Doripenem European surveillance: antimicrobial activity against 6480 contemporary pathogens (2004)
Abstract number: p1623
Fritsche T., Sader H., Jones R.
To characterize the spectrum of activity and potency of DOR (formerly S-4661) and comparator agents against contemporary wild-type bacterial isolates from medical centres in Europe and the Middle East in 2004. DOR is a novel parenteral 1-B-methyl carbapenem in late stage clinical development whose molecular structure confers stability to B-lactamases and resistance (R) to renal dehydropeptidases.
The collection included 6480 non-duplicate, consecutive clinical isolates from patients in 24 medical centres in Europe (21), Turkey (2) and Israel (1) that were submitted to the DOR surveillance program (2004) for identification confirmation and susceptibility (S) testing. MIC values for >30 antimicrobials were determined using NCCLS broth microdilution methods (2003). A tentative DOR susceptible (S) breakpoint of <=4 mg/L (<=0.25 mg/L for S. pneumoniae) was used for comparative purposes; CLSI (2005) criteria were used for other tested agents.
Antimicrobial activities of DOR and other carbapenems vs. selected isolates. DOR consistently displayed activity against staphylococci and streptococci (MIC90, 0.06 and 0.5 mg/L) most similar to that of imipenem, and against E. coli and Klebsiella spp. (MIC90, 0.06 and 0.5 mg/L, respectively, including 8.7 and 26.9% of strains that met ESBL screening criteria), most similar to that of meropenem. Enterobacter spp. isolates, including 35.8% that were ceftazidime-R (indicative of AmpC production), were also highly S to DOR and other carbapenems (0.5 to 1.4% R). DOR also provided slightly enhanced coverage against P. aeruginosa (82.7% S) and Acinetobacter spp. (54.4% S) compared to other carbapenems. Carbapenem R among these latter strains is, however, a particularly worrisome development.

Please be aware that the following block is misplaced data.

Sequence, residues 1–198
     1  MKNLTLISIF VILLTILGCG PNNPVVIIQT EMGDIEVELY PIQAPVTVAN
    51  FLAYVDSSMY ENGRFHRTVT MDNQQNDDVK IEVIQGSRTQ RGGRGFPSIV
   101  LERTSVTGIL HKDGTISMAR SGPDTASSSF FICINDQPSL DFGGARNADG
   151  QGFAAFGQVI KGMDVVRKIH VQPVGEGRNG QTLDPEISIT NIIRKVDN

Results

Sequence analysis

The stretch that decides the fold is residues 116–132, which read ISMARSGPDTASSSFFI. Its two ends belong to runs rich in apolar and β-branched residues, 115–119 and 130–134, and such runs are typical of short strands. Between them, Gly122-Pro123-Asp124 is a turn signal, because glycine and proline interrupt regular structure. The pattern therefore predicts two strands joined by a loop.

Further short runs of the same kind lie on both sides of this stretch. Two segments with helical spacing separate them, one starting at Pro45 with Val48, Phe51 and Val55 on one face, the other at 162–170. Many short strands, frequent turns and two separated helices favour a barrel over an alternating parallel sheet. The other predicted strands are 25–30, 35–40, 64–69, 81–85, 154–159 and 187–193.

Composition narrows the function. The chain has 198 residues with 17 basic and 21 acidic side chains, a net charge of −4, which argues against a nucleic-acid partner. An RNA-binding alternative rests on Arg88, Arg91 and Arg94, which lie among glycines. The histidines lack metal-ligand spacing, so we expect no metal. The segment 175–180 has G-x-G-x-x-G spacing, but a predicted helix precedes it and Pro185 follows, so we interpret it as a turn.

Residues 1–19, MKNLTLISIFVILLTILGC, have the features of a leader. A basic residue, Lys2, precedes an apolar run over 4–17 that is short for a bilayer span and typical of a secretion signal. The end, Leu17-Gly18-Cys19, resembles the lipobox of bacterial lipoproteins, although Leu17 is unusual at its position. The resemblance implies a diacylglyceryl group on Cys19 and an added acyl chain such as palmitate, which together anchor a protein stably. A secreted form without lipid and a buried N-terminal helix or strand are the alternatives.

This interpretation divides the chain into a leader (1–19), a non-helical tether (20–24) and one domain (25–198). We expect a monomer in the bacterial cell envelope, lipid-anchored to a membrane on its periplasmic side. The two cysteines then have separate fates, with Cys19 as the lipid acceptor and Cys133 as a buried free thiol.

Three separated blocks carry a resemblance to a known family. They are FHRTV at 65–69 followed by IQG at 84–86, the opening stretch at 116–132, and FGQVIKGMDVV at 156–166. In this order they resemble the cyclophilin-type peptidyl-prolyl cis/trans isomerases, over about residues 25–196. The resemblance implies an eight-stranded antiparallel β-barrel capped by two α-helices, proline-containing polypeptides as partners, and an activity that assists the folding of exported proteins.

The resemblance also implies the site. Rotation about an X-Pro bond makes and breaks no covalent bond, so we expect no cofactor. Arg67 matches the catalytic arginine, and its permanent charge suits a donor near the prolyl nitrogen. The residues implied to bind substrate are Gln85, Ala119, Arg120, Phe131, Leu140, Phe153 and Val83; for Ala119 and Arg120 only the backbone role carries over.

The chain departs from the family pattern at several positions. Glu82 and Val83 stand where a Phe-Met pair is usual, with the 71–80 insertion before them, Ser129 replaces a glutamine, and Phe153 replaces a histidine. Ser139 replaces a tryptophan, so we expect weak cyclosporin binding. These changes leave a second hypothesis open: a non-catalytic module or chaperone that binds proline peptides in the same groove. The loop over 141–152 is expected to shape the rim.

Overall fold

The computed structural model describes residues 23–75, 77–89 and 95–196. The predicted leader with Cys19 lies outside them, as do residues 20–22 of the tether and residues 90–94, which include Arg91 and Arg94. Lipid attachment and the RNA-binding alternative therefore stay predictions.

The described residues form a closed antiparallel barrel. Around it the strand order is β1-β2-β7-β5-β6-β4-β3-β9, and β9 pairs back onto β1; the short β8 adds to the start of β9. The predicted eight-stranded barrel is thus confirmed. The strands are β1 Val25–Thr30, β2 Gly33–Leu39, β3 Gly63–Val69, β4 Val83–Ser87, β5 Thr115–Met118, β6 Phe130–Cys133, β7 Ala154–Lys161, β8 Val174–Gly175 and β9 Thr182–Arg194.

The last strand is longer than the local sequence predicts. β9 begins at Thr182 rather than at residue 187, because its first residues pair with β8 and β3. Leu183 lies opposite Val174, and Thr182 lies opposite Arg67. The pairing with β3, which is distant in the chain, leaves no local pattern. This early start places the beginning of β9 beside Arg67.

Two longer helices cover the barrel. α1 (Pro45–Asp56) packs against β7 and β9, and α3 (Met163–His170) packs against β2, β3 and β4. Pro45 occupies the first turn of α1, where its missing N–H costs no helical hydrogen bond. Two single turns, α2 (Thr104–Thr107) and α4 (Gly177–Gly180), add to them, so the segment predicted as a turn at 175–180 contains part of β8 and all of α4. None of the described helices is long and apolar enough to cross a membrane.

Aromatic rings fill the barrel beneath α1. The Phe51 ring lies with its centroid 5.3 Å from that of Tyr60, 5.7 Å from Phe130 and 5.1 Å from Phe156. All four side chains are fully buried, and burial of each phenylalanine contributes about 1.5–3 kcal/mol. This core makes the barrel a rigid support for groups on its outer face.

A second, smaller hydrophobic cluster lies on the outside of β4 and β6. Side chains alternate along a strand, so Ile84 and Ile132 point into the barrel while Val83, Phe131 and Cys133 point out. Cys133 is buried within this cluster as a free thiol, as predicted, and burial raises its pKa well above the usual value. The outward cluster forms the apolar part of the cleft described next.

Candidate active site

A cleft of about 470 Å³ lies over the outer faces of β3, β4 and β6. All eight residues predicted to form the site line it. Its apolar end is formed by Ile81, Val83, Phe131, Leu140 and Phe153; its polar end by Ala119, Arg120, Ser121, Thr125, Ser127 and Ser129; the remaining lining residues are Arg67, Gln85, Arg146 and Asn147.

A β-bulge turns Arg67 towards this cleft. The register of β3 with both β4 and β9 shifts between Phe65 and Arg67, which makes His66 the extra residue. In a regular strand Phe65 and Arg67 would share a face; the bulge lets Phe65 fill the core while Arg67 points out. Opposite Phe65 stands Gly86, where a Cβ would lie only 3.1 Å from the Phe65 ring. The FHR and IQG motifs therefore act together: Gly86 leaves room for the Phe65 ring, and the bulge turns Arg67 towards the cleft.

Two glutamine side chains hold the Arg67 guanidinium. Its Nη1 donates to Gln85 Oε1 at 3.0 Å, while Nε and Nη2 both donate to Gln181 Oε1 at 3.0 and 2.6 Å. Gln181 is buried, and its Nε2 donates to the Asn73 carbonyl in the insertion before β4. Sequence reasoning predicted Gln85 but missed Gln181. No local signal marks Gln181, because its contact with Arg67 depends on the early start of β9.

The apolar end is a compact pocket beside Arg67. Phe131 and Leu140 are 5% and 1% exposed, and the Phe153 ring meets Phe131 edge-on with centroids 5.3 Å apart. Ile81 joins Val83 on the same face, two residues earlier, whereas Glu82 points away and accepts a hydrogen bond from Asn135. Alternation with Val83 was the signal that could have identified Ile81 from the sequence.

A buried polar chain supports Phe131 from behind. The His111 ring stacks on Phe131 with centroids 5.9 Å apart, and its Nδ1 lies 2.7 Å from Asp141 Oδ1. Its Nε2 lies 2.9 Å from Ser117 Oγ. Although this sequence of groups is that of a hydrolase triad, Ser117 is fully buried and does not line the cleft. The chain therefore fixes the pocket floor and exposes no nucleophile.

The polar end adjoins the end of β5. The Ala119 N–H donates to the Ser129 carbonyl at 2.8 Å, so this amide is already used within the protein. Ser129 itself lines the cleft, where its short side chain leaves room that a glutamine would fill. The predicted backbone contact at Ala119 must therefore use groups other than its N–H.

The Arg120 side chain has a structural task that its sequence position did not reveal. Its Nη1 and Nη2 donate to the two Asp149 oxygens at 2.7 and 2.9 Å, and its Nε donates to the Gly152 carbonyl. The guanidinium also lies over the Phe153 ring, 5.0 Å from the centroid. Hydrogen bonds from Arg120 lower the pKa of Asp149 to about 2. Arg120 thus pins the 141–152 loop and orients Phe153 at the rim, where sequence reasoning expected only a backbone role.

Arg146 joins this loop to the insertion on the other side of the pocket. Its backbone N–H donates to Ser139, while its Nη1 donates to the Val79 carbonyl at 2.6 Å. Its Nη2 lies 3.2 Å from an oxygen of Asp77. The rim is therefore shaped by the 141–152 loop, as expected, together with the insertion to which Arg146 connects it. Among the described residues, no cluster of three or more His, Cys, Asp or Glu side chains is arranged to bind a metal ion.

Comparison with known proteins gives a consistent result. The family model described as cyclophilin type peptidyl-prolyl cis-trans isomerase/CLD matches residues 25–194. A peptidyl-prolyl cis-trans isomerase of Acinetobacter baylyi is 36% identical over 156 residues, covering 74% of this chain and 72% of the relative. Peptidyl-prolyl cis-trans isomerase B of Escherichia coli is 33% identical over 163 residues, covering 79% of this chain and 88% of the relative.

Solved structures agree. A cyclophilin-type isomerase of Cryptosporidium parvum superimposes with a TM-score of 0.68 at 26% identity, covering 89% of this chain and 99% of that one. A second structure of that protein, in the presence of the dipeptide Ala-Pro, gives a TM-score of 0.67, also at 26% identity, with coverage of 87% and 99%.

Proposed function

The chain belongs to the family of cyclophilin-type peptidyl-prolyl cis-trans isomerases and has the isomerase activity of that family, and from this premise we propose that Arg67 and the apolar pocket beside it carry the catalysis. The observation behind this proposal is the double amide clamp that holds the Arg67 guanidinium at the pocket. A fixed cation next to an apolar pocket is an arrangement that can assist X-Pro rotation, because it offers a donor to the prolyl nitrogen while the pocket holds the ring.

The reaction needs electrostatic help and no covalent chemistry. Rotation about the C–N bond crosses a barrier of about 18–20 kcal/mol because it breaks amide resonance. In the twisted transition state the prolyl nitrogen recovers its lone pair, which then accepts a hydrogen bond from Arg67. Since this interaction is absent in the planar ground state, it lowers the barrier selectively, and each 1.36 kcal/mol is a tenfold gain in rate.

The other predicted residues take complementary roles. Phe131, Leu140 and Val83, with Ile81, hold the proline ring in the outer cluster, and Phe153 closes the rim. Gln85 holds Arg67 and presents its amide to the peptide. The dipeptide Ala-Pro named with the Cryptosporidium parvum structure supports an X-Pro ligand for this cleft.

DOR is a new carbapenem with a competitive profile that incorporates both potent Gram-negative and Gram-positive activity, with enhanced activity against the commonly occurring non-fermentative Gram-negative bacilli. Carbapenems are assuming a greater therapeutic role in many nations as multi-drug resistance (including emergence of Ambler class A, C and D B-lactamases) spreads, necessitating their accelerated development.
|Session name:||XXIst ISTH Congress|
|Back to top|